Understanding the Inconsistency between Behaviors and Descriptions of Mobile Apps

Mitsuaki AKIYAMA
Tetsuya SAKAI
Tatsuya MORI

IEICE TRANSACTIONS on Information and Systems   Vol.E101-D    No.11    pp.2584-2599
Publication Date: 2018/11/01
Publicized: 2018/08/22
Online ISSN: 1745-1361
DOI: 10.1587/transinf.2017ICP0006
Type of Manuscript: Special Section PAPER (Special Section on Information and Communication System Security)
Category: Mobile Application and Web Security
mobile security,  android,  textual description,  program analysis,  privacy leakage,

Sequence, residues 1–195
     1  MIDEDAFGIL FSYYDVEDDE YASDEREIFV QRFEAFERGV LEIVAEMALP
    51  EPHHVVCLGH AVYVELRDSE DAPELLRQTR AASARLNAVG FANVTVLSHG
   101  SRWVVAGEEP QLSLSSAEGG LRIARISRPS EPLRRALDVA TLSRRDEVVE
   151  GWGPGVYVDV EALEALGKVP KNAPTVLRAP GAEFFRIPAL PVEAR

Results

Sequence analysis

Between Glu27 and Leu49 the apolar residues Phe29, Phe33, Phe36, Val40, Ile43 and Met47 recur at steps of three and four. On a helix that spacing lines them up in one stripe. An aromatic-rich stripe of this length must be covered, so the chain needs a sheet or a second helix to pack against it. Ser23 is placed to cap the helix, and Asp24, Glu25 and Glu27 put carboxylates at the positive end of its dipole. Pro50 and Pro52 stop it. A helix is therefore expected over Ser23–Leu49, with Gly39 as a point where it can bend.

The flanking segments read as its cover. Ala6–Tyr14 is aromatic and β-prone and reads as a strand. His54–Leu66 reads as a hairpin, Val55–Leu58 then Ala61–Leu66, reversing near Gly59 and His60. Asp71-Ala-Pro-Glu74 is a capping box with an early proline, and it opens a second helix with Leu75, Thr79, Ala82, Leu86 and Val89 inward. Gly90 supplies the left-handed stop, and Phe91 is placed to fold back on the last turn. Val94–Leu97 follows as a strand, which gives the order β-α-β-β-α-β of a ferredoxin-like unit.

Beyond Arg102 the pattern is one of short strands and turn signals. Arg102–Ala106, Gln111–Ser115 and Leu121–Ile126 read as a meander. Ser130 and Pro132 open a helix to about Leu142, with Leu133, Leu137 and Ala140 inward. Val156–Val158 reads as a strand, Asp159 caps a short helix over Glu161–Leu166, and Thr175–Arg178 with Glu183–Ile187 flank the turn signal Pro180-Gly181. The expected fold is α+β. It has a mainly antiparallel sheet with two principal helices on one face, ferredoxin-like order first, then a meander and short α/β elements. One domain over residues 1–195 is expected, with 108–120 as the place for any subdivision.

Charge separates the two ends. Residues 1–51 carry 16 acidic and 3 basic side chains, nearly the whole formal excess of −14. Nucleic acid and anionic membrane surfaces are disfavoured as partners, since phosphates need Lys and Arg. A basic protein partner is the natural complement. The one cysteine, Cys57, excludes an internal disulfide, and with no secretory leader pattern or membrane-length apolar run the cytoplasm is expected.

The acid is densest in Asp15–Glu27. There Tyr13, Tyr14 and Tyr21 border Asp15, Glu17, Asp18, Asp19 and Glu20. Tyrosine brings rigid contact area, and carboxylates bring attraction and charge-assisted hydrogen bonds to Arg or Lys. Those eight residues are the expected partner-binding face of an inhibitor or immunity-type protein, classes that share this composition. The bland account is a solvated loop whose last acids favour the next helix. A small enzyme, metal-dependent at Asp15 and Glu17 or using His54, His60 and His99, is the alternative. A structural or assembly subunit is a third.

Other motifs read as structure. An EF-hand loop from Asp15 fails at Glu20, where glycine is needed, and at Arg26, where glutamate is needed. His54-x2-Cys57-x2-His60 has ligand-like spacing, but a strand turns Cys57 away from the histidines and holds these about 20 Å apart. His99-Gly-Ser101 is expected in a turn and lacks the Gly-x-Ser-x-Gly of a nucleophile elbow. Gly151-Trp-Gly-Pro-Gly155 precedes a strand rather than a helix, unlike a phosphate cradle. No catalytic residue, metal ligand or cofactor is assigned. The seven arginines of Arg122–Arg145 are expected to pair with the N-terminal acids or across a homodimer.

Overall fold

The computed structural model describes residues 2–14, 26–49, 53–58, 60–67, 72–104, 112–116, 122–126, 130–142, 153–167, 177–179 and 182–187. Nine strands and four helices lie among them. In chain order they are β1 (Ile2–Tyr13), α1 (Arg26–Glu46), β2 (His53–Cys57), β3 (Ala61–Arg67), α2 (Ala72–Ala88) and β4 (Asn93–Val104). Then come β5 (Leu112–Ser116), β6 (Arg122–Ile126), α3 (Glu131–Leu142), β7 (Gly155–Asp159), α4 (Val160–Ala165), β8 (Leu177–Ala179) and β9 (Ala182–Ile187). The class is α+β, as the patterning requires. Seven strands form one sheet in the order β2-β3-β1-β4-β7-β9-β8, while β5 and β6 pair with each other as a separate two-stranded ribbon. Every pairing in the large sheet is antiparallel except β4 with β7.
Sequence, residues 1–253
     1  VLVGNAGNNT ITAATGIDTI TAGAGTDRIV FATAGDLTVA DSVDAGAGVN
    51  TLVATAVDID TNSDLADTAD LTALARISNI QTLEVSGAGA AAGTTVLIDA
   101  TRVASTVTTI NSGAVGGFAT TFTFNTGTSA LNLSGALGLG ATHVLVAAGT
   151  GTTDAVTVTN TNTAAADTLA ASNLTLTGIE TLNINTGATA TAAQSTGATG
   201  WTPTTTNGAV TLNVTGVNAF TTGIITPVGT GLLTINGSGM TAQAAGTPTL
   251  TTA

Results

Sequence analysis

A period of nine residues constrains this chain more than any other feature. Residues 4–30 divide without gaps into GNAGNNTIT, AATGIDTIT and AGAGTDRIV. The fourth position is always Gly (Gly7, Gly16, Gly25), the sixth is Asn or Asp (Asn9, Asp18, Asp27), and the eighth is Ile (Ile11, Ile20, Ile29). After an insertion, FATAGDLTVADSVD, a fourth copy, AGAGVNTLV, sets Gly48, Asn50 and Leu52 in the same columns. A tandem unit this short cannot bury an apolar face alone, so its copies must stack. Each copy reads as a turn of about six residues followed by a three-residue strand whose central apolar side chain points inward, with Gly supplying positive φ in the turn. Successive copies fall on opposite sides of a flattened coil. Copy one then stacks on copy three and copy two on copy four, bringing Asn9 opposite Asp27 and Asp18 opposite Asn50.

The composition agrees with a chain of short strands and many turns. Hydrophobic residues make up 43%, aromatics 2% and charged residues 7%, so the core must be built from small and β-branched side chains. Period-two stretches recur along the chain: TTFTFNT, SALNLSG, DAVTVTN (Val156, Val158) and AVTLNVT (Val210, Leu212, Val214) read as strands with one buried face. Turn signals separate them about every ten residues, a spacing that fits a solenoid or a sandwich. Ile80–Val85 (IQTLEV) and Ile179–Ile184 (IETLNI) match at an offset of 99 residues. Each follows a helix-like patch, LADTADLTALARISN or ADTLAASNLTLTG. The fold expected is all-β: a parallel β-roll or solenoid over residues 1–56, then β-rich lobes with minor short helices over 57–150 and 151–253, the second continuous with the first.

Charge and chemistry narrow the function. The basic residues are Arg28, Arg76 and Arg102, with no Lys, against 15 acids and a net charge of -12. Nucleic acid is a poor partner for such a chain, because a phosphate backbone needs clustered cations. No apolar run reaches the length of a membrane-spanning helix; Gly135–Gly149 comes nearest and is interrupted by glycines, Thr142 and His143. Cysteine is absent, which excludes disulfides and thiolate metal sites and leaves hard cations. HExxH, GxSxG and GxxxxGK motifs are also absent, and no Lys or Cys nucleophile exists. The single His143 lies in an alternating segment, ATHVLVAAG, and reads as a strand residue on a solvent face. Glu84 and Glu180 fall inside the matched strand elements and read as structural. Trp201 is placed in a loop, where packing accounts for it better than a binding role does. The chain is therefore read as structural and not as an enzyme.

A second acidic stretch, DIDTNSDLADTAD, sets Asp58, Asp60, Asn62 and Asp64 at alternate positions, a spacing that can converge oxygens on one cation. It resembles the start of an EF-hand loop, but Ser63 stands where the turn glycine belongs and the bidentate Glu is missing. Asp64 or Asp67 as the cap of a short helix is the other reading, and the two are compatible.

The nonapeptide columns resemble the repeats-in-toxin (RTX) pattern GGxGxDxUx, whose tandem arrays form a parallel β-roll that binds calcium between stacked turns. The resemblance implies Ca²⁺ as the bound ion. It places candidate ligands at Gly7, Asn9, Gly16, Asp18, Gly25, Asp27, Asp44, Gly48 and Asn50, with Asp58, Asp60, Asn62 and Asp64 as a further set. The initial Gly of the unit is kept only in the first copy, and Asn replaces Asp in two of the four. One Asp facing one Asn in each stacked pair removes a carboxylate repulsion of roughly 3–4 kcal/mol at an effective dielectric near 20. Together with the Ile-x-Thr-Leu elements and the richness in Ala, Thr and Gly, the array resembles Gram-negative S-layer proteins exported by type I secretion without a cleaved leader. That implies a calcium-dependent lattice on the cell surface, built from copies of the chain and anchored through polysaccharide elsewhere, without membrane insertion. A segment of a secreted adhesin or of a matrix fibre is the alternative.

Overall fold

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Permission warnings and privacy policy enforcement are widely used to inform mobile app users of privacy threats. These mechanisms disclose information about use of privacy-sensitive resources such as user location or contact list. However, it has been reported that very few users pay attention to these mechanisms during installation. Instead, a user may focus on a more user-friendly source of information: text description, which is written by a developer who has an incentive to attract user attention. When a user searches for an app in a marketplace, his/her query keywords are generally searched on text descriptions of mobile apps. Then, users review the search results, often by reading the text descriptions; i.e., text descriptions are associated with user expectation. Given these observations, this paper aims to address the following research question: What are the primary reasons that text descriptions of mobile apps fail to refer to the use of privacy-sensitive resources? To answer the research question, we performed empirical large-scale study using a huge volume of apps with our ACODE (Analyzing COde and DEscription) framework, which combines static code analysis and text analysis. We developed light-weight techniques so that we can handle hundred of thousands of distinct text descriptions. We note that our text analysis technique does not require manually labeled descriptions; hence, it enables us to conduct a large-scale measurement study without requiring expensive labeling tasks. Our analysis of 210,000 apps, including free and paid, and multilingual text descriptions collected from official and third-party Android marketplaces revealed four primary factors that are associated with the inconsistencies between text descriptions and the use of privacy-sensitive resources: (1) existence of app building services/frameworks that tend to add API permissions/code unnecessarily, (2) existence of prolific developers who publish many applications that unnecessarily install permissions and code, (3) existence of secondary functions that tend to be unmentioned, and (4) existence of third-party libraries that access to the privacy-sensitive resources. We believe that these findings will be useful for improving users' awareness of privacy on mobile software distribution platforms.